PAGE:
The 12 football clubs that have signed up to a European Super League breakaway competition have each been promised a €200m-€300m “welcome bonus” by JP Morgan Chase, the US investment bank financing the controversial project.
The Wall Street giant said on Monday it has committed €3.25bn to getting the new league off the ground and it would be shared among the clubs when the new competition begins.
The founding clubs of the new league are Milan, Arsenal, Atlético Madrid, Chelsea, Barcelona, Internazionale, Juventus, Liverpool, Manchester City, Manchester United, Real Madrid and Tottenham Hotspur. Three more permanent members are expected to be announced in the next few weeks. Bayern Munich, Borussia Dortmund and Paris Saint-Germain are all said to have been approached.
A further five teams will join the competition via a qualifying tournament, according to the Financial Times.
The funding provided by JP Morgan is secured against expected multibillions in TV broadcasting rights. A spokesman for JPMorgan declined to comment on the deal beyond stating: “I can confirm that we are financing the deal but have no further comment at the moment.”
The plans have been condemned by world leaders, the Premier League, football stars and legions of fans.
Boris Johnson said the plans would be “very damaging for football”. The former Manchester United and England defender Gary Neville said the creation of the new league revealed the “pure greed” of billionaire owners of English clubs.
Manchester United’s billionaire co-chairman Joel Glazer said the new league would open up a new chapter for the biggest football clubs.
“By bringing together the world’s greatest clubs and players to play each other throughout the season, the super league will open a new chapter for European football, ensuring world-class competition and facilities, and increased financial support for the wider football pyramid,” he said.
Glazer will become a vice-chairman of the new league. Manchester United’s executive vice-chairman, Ed Woodward, was a JP Morgan banker before taking the top job at the club. In his role as JP Morgan mergers and acquisitions banker, Woodward advised the Glazer family on their 2005 takeover of the club.
Manchester United is saddled with net debts of £455.5m, according to its latest accounts, and increased borrowing by £60m during the coronavirus pandemic as playing in a closed Old Trafford cost the club about £6m a game.
Andrea Agnelli, the chairman of Juventus and a vice-chair of the new super league, said: “We have come together at this critical moment, enabling European competition to be transformed, putting the game we love on a sustainable footing for the long-term future.”
The billionaire Agnelli family own the majority of Juventus, as well as large stakes in Ferrari and the Economist newspaper, via Exor, a holding company in the Netherlands.
Florentino Pérez, the president of Real Madrid and the chairman of the new super league, said: “We will help football at every level and take it to its rightful place in the world. Football is the only global sport in the world with more than 4 billion fans and our responsibility as big clubs is to respond to their desires.”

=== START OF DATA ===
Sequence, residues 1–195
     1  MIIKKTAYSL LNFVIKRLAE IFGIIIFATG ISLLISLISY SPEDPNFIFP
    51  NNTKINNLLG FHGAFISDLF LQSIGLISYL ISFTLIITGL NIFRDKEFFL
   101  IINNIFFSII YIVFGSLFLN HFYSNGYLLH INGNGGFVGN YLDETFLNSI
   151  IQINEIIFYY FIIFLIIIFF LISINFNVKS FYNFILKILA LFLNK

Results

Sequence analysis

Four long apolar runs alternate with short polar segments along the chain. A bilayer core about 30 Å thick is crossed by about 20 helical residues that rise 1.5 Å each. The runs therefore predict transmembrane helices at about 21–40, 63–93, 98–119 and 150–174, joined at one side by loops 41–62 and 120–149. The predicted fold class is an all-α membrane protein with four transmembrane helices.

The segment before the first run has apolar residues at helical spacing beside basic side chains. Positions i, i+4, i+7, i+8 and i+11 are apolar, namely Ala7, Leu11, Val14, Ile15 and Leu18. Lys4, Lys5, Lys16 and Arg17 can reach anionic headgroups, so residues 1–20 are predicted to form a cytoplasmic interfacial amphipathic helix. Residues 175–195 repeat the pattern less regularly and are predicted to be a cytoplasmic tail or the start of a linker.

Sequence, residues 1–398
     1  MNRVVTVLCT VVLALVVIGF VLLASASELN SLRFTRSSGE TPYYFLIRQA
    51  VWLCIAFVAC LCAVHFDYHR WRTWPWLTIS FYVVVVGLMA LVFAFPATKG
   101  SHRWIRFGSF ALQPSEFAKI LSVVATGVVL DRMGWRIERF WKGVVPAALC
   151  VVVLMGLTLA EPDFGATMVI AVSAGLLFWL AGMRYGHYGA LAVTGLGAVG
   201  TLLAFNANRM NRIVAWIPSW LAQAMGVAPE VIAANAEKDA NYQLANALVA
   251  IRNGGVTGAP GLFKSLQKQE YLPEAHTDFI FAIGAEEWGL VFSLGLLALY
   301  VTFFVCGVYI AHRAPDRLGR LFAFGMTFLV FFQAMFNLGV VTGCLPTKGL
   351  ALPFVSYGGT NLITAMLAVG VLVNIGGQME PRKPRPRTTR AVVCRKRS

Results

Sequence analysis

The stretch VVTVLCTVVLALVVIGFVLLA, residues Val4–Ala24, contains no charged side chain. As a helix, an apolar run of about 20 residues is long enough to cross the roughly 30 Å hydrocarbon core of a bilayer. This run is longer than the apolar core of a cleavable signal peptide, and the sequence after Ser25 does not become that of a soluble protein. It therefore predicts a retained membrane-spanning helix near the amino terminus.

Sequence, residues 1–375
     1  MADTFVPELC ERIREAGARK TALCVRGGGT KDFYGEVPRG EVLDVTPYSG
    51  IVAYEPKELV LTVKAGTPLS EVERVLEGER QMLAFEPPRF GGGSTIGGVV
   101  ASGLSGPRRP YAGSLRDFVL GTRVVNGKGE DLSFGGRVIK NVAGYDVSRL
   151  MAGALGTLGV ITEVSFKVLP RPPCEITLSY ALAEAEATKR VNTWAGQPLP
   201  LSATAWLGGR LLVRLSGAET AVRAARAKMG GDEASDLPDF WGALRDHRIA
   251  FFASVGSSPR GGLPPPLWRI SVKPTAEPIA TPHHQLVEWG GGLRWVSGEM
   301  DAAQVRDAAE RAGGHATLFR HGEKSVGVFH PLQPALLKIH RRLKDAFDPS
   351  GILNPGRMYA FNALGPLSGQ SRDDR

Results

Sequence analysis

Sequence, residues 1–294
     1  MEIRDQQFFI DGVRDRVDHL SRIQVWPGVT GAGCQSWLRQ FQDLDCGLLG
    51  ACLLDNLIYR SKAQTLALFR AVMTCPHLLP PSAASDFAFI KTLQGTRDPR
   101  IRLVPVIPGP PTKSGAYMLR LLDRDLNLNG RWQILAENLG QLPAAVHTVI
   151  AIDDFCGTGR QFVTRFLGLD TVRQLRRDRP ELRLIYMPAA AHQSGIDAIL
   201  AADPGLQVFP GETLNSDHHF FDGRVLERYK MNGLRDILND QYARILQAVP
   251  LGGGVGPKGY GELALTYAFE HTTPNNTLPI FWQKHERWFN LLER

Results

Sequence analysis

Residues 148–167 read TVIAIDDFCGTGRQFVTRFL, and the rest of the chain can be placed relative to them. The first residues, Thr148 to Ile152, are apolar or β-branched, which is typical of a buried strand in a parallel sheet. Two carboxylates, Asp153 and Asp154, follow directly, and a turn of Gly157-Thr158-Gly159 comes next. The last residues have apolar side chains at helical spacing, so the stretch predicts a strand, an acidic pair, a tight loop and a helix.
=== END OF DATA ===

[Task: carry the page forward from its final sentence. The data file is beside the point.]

The former Football Association and Manchester City chairman David Bernstein said he was ashamed of his old club, and the creation of the new league showed the desperation of club owners who had built up huge debts.
“There are two things in play here, one is greed and the other is desperation because some of these clubs … have incurred enormous debts, certainly Barcelona and Real Madrid and at least one of the English clubs who shall remain nameless are approaching £1bn of debt,” he told BBC Radio 4’s Today programme. “It’s a lifeline that is going to end, if it happens at all, very badly.”
The new league is likely to resemble US sports leagues, where there is no promotion or relegation and owners can predict steady yearly profits. Many of the recent purchasers of big European football clubs already owned sports teams in the US. The Glazer family bought the NFL team the Tampa Bay Buccaneers in 1995 for $192m; it is estimated to be worth $1.2bn today.
Sign up to the daily Business Today email
Gavin Patterson, a former boss of BT, has reportedly held discussions about possibly becoming chief executive of the European Super League.
JP Morgan was also the financial backer of the earlier proposals for a new Super League competition for elite European clubs. The bank’s chief executive, Jamie Dimon, has recently called on politicians to do more to control yawing inequality.
Dimon, who was paid $31.5m last year, said the US needs a “Marshall plan”, referring to the initiative to help western Europe rebuild after the second world war. Such a plan would mean more spending on infrastructure, education, affordable childcare and job training, and “may very well mean higher taxes for the wealthy”.
Dimon said in his annual letter to shareholders: “Should that happen, the wealthy should keep in mind that if tax monies improve our society and our economy, those same individuals will be, in effect, among the main beneficiaries.”
Source: The Guardian